Visionary Organizing and the MLK Memorial
By Grace Lee Boggs
Sept 3 – 10 – 2011
Last week in a public conversation at an Environmental Justice Conference in the Ren Cen, I talked about University of Michigan Professor Bunyan Bryan Bunyan’s Visionary Organizing and the important role it has played in building the environmental justice movement over the last 20 years.
I also emphasized the increasing need for Visionary Organizing at this time on the clock of the world when dictators like Mubarak and Qaddafi are being toppled like Humpty Dumpties, and democratically elected politicians like U.S. President Obama and UK Prime Minister Cameron are becoming increasingly dysfunctional.
One of the reasons why Putin’s Russia remains so chaotic is that there was no Visionary Organizing in or about the Soviet Union prior to its collapse twenty years ago.
Every crisis, actual or impending, needs to be viewed as an opportunity to bring about profound changes in our society. That means we need to go beyond Alinsky-style protest organizing and begin creating images and stories of the future that help us imagine and create alternatives to the existing system.
For example, long before the recent unveiling of the MLK Memorial in D.C. we could have been discussing the question “How do we honor dead heroes in a way that helps us build a new world?”
Nearly 20 years ago, in a Futuring workshop led by Bumyan during MLK week at the University of Michigan, I came up with an answer to this question which is worth sharing. This is what I wrote:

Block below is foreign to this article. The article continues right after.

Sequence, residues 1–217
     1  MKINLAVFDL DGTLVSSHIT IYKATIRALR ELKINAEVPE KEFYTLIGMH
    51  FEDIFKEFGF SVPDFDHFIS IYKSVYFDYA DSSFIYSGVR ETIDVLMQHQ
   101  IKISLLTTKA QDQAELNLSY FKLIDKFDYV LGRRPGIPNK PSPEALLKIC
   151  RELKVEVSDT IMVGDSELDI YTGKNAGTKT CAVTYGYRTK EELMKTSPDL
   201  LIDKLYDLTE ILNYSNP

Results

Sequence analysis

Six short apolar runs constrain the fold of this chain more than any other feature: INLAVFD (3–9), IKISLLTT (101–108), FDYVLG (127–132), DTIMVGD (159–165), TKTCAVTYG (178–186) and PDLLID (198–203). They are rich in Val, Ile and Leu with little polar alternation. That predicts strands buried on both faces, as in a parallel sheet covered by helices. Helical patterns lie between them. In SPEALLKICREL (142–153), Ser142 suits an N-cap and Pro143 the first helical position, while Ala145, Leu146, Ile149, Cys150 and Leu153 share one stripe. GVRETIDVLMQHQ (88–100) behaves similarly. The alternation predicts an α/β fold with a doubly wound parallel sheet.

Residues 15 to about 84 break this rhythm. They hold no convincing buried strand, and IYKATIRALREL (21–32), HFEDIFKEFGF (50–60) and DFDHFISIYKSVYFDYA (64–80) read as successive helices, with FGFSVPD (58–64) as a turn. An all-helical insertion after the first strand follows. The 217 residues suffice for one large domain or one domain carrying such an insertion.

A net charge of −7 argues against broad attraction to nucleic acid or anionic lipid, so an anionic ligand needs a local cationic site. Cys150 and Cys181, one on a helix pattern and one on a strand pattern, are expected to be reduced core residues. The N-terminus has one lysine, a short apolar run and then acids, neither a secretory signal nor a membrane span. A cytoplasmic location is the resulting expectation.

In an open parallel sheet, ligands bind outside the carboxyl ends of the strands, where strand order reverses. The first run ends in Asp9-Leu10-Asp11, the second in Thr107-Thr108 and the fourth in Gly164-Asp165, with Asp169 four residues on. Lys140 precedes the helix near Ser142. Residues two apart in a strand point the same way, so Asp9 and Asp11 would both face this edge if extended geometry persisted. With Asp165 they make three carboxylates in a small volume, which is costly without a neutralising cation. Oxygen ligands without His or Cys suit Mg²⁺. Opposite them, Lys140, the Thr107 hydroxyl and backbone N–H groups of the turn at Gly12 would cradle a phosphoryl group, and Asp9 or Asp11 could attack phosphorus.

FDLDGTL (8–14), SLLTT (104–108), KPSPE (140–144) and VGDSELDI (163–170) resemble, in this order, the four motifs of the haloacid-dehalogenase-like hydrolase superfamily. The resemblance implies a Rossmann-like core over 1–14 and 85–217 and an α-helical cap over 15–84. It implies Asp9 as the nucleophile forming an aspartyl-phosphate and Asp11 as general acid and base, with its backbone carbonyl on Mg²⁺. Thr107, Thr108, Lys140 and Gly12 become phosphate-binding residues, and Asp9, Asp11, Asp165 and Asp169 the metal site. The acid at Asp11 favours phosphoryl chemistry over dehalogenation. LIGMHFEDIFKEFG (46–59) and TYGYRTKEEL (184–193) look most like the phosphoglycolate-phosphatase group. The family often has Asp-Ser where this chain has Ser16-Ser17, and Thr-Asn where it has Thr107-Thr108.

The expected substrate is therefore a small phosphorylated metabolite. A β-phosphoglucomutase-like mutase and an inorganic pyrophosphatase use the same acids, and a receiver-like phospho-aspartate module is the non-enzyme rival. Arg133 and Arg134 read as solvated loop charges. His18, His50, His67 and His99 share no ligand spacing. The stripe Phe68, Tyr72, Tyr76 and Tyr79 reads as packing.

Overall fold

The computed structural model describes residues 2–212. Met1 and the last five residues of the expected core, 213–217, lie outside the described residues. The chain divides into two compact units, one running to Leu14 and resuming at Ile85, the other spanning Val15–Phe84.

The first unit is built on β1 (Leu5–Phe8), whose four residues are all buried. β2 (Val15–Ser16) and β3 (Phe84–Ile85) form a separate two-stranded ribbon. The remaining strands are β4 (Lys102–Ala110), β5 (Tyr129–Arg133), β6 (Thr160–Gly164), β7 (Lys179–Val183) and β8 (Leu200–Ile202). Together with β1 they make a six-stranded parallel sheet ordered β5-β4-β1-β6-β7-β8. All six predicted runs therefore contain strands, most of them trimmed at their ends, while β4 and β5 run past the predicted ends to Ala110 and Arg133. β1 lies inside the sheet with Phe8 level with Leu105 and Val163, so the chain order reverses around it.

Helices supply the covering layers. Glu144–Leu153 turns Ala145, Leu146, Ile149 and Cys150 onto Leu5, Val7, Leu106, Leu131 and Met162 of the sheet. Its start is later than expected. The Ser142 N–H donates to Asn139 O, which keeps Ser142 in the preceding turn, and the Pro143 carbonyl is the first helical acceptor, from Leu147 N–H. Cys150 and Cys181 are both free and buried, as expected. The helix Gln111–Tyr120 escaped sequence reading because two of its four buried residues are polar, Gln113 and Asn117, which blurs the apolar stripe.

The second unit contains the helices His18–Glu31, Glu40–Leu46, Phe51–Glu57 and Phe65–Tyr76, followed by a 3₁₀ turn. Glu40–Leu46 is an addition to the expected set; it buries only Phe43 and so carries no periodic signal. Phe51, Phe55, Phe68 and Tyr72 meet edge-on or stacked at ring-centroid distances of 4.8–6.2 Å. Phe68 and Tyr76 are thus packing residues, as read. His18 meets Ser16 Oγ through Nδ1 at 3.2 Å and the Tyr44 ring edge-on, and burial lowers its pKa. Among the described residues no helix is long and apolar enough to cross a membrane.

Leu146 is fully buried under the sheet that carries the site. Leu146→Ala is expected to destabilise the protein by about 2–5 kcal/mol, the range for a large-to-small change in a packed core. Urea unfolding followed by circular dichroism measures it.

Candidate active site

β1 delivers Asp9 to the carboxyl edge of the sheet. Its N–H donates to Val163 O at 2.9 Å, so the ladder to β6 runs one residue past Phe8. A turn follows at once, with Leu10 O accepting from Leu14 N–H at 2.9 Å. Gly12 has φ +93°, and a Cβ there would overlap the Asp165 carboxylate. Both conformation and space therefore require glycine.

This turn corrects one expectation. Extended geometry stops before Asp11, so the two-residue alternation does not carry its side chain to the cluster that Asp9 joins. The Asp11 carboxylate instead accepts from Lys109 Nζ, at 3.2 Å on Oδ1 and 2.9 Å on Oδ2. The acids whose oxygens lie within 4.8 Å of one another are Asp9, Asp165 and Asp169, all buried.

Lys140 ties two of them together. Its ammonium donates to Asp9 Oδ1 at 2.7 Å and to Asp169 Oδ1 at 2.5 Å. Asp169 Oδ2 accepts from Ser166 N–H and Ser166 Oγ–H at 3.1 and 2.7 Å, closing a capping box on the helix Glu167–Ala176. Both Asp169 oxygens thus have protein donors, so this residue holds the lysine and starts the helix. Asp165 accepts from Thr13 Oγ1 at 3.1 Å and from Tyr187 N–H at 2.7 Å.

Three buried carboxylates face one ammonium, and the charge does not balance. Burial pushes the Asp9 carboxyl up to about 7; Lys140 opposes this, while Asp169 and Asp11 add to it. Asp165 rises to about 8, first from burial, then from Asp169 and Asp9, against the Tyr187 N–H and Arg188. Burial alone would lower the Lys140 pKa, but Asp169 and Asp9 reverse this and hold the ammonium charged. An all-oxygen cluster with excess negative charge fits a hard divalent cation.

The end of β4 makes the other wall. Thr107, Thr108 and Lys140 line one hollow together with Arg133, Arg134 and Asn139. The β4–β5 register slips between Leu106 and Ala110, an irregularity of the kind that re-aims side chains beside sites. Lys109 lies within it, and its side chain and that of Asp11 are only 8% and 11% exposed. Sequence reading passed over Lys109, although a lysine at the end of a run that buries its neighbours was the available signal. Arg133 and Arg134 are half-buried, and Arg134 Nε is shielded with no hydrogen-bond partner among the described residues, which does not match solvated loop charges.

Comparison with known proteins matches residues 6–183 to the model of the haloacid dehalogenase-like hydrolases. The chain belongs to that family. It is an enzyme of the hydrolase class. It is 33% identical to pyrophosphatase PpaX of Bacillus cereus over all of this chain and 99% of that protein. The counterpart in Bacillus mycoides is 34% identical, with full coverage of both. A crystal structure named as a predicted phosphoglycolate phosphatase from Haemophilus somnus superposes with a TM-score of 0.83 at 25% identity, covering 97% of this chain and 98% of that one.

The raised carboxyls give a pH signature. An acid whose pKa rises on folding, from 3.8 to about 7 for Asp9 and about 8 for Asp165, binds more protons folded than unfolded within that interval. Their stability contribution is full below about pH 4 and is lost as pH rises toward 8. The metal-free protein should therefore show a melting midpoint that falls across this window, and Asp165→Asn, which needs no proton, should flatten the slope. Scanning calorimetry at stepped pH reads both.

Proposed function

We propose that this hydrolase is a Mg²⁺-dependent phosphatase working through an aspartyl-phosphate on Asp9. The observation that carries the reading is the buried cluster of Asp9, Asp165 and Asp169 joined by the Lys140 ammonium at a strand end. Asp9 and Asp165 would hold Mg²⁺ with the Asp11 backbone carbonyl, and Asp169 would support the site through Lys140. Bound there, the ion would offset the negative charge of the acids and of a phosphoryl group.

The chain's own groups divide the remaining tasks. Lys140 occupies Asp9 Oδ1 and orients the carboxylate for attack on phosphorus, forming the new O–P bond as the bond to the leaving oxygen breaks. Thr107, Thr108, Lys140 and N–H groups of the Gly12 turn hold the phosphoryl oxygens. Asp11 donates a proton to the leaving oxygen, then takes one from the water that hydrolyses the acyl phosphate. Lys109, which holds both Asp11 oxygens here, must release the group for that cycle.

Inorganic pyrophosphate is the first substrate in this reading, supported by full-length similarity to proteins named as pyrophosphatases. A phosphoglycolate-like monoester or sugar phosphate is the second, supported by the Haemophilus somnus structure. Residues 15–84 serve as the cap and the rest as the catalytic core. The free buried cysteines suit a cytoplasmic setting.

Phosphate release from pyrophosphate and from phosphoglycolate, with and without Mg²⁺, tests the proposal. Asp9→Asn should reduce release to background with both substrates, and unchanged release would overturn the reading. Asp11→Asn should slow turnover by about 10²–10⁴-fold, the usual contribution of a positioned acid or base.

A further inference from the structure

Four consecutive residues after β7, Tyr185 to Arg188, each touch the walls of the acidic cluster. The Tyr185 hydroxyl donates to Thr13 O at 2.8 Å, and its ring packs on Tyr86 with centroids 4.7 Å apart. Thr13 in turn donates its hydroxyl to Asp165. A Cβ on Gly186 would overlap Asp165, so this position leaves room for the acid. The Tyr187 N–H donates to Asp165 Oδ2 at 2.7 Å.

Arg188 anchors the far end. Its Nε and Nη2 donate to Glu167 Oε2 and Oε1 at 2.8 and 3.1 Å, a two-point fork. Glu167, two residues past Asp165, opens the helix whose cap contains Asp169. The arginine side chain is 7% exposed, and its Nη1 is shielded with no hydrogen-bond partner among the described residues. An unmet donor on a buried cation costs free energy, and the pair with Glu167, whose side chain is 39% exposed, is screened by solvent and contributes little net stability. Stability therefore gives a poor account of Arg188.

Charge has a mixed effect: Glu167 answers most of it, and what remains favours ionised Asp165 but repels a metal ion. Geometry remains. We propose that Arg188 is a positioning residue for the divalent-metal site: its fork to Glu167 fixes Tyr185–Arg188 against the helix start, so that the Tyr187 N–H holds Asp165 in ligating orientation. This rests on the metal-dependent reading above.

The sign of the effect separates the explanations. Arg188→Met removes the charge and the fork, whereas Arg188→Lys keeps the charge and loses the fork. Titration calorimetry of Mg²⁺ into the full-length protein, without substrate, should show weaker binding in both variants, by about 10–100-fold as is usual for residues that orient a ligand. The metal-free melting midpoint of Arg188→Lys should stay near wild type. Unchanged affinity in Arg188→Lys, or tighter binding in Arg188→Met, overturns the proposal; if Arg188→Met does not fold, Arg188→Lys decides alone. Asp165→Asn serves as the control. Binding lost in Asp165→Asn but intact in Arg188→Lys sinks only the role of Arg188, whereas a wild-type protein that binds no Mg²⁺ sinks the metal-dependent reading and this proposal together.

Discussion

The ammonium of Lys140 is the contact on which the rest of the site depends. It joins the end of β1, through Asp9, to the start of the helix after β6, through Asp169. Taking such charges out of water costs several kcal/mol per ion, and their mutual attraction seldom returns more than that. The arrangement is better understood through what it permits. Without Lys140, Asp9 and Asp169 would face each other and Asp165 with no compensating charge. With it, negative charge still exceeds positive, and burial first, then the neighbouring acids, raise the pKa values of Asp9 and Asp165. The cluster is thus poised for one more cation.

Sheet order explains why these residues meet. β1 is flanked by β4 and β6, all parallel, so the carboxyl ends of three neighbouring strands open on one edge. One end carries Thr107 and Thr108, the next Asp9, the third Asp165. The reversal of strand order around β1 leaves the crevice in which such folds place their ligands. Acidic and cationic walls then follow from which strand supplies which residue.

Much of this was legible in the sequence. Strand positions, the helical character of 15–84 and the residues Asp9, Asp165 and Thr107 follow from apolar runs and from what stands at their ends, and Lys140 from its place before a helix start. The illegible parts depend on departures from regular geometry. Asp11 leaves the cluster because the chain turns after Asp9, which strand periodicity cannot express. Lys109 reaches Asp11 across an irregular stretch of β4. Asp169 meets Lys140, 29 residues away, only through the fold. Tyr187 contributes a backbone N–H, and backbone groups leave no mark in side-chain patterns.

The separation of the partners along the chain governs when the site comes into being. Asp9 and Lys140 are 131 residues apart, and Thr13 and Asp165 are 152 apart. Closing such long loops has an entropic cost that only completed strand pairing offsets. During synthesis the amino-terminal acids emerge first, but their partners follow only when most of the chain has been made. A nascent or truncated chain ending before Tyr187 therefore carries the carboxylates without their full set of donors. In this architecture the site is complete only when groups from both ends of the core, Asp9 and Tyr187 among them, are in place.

“Because Detroiters have developed a deep sense of moral responsibility, citizens decided in 2015 A.D. to adopt a Universal Basic Income Grant (UBIG) as an alternative to welfare.
“The UBIG is based on the idea that every citizen has a right to the basic material necessities of life, including health care and education, and every citizen also has a duty to share in the responsibilities of the community, city, nation and planet, and to contribute in some form to the overall well-being.”
“After Martin Luther King’s birthday was declared a national holiday, people all over the country wondered how to keep King celebrations from degenerating into pageantry, empty rhetoric, or shoppers’ jamborees, as had happened with other holidays.
“In 2015 A.D., Michigan residents, in the course of a debate over the UBIG, hit upon a solution. Beginning in 2017, King’s birthday became the opportunity for a collective evaluation of where they had come from and where they were going, and, if necessary, a time to redefine or re-invent where they wanted to go. Each year in the fall, four months before King’s birthday, neighborhood groups began meeting to decide on the focus of the discussion.”
This is just one example of how movement activists, consciously doing Visionary rather than Protest Organizing, can use dead heroes to help us keep building up a new world.